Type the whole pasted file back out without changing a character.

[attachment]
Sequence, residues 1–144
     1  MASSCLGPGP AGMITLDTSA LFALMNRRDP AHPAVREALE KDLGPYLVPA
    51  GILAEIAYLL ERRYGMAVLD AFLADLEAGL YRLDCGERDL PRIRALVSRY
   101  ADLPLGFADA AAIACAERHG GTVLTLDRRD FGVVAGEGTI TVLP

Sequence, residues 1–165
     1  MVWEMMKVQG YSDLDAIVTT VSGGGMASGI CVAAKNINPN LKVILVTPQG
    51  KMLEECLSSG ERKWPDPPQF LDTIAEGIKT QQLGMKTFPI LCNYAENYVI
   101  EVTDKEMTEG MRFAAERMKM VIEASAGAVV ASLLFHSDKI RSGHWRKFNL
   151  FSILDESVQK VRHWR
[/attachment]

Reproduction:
Sequence, residues 1–144
     1  MASSCLGPGP AGMITLDTSA LFALMNRRDP AHPAVREALE KDLGPYLVPA
    51  GILAEIAYLL ERRYGMAVLD AFLADLEAGL YRLDCGERDL PRIRALVSRY
   101  ADLPLGFADA AAIACAERHG GTVLTLDRRD FGVVAGEGTI TVLP

Sequence, residues 1–165
     1  MVWEMMKVQG YSDLDAIVTT VSGGGMASGI CVAAKNINPN LKVILVTPQG
    51  KMLEECLSSG ERKWPDPPQF LDTIAEGIKT QQLGMKTFPI LCNYAENYVI
   101  EVTDKEMTEG MRFAAERMKM VIEASAGAVV ASLLFHSDKI RSGHWRKFNL
   151  FSILDESVQK VRHWR